This article needs additional citations for verification. (July 2009)
A microsecond is a unit of time in the International System of Units (SI) equal to one millionth (0.000001 or 10−6 or 1⁄1,000,000) of a second. Its symbol is μs, sometimes simplified to us when Unicode is not available.
A microsecond is equal to 1000 nanoseconds or 1⁄1,000 of a millisecond. Because the next SI prefix is 1000 times larger, measurements of 10−5 and 10−4 seconds are typically expressed as tens or hundreds of microseconds.
- 1 microsecond (1 μs) – cycle time for frequency 1×106 hertz (1 MHz), the inverse unit. This corresponds to radio wavelength 300 m (AM medium wave band), as can be calculated by multiplying 1 μs by the speed of light (approximately 3.00×108 m/s).
- 1 microsecond – the length of time of a high-speed, commercial strobe light flash (see air-gap flash).
- 1 microsecond – protein folding takes place on the order of microseconds.
- 1.8 microseconds – the amount of time subtracted from the Earth's day as a result of the 2011 Japanese earthquake.
- 2 microseconds – the lifetime of a muonium particle
- 2.68 microseconds – the amount of time subtracted from the Earth's day as a result of the 2004 Indian Ocean earthquake.
- 3.33564095 microseconds – the time taken by light to travel one kilometre in a vacuum
- 5.4 microseconds – the time taken by light to travel one mile in a vacuum (or radio waves point-to-point in a near vacuum)
- 8.01 microseconds – the time taken by light to travel one mile in typical single-mode fiber optic cable
- 10 microseconds (μs) – cycle time for frequency 100 kHz, radio wavelength 3 km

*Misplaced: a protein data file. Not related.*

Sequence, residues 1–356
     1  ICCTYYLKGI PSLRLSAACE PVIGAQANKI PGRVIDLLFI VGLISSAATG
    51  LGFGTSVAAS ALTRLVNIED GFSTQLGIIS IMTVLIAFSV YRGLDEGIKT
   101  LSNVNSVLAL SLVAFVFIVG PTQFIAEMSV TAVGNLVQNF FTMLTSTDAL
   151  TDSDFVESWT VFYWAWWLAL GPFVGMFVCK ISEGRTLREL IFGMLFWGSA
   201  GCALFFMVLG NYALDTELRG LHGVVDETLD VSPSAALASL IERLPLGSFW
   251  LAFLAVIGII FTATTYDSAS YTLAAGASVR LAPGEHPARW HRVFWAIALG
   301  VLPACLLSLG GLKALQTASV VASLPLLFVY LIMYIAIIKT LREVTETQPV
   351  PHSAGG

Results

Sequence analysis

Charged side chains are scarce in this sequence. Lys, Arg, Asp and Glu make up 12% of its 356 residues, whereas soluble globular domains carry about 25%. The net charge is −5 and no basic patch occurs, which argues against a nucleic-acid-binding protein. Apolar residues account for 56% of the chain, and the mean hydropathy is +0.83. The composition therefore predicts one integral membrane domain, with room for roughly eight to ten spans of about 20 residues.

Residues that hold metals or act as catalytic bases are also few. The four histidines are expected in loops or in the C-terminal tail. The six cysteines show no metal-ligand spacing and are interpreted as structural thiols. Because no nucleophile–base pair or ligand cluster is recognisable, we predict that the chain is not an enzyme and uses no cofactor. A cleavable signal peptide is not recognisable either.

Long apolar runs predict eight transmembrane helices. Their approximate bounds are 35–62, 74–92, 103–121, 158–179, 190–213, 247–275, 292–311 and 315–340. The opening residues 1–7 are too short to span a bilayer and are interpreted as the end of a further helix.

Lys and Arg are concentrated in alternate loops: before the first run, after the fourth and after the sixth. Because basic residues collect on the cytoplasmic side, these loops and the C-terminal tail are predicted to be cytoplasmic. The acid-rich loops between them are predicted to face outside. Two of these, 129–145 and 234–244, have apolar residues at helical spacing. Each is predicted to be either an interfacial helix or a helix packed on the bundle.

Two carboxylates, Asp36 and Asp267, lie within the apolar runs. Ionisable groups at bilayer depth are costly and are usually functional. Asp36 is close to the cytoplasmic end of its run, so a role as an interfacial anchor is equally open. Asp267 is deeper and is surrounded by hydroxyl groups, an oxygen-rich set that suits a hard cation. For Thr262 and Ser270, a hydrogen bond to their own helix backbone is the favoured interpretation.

- 18 microseconds – net amount per year that the length of the day lengthens, largely due to tidal acceleration.
- 20.8 microseconds – sampling interval for digital audio with 48,000 samples/s
- 22.7 microseconds – sampling interval for CD audio (44,100 samples/s)
- 38 microseconds – discrepancy in GPS satellite time per day (compensated by clock speed) due to relativity 
- 50 microseconds – cycle time for highest human-audible tone (20 kHz)
- 50 microseconds – to read the access latency for a modern solid state drive which holds non-volatile computer data
- 100 microseconds (0.1 ms) – cycle time for frequency 10 kHz
- 125 microseconds – common sampling interval for telephone audio (8000 samples/s)
- 164 microseconds – half-life of polonium-214
- 240 microseconds – half-life of copernicium-277
- 260 to 480 microseconds - return trip ICMP ping time, including operating system kernel TCP/IP processing and answer time, between two gigabit ethernet devices connected to the same local area network switch fabric.
- 277.8 microseconds – a fourth (a 60th of a 60th of a second), used in astronomical calculations by al-Biruni and Roger Bacon in 1000 and 1267 AD, respectively.
- 489.67 microseconds – time for light at a 1550 nm frequency to travel 100 km in a singlemode fiber optic cable (where speed of light is approximately 200 million metres per second due to its index of refraction).
- The average human eye blink takes 350,000 microseconds (just over 1⁄3 second).
- The average human finger snap takes 150,000 microseconds (just over 1⁄7 second).
- A camera flash illuminates for 1,000 microseconds.
- Standard camera shutter speed opens the shutter for 4,000 microseconds or 4 milliseconds.
- 584542 years of microseconds fit in 64 bits: (2**64)/(1e6*60*60*24*365.25)
- ^ Gross, R.S. (14 March 2014). "Japan quake may have shortened Earth days, moved axis". JPL News. Jet Propulsion Laboratory. Retrieved 23 August 2019.
- ^ Cook-Anderson, Gretchen; Beasley, Dolores (January 10, 2005). "NASA Details Earthquake Effects on the Earth". NASA. Retrieved September 18, 2021.
- ^ MacDonald, Fiona. "Earth's Days Are Getting 2 Milliseconds Longer Every 100 Years". ScienceAlert. Retrieved 2017-03-08.
- ^ Richard Pogge. "GPS and Relativity". Retrieved 2011-10-01.
- ^ Intel Solid State Drive Product Specification
- ^ Kumar, Anurag; Manjunath, D.; Kuri, Joy (2008), "Application Models and Performance Issues", Wireless Networking, Elsevier, pp. 53–79, doi:10.1016/b978-012374254-4.50004-1, ISBN 978-0-12-374254-4, retrieved 2022-08-08
- ^ al-Biruni (1879). The chronology of ancient nations: an English version of the Arabic text of the Athâr-ul-Bâkiya of Albîrûnî, or "Vestiges of the Past". Translated by Sachau C Edward. W. H. Allen. pp. 147–149. OCLC 9986841.
- ^ R Bacon (2000) . The Opus Majus of Roger Bacon. translator: BR Belle. University of Pennsylvania Press. table facing page 231. ISBN 978-1-85506-856-8.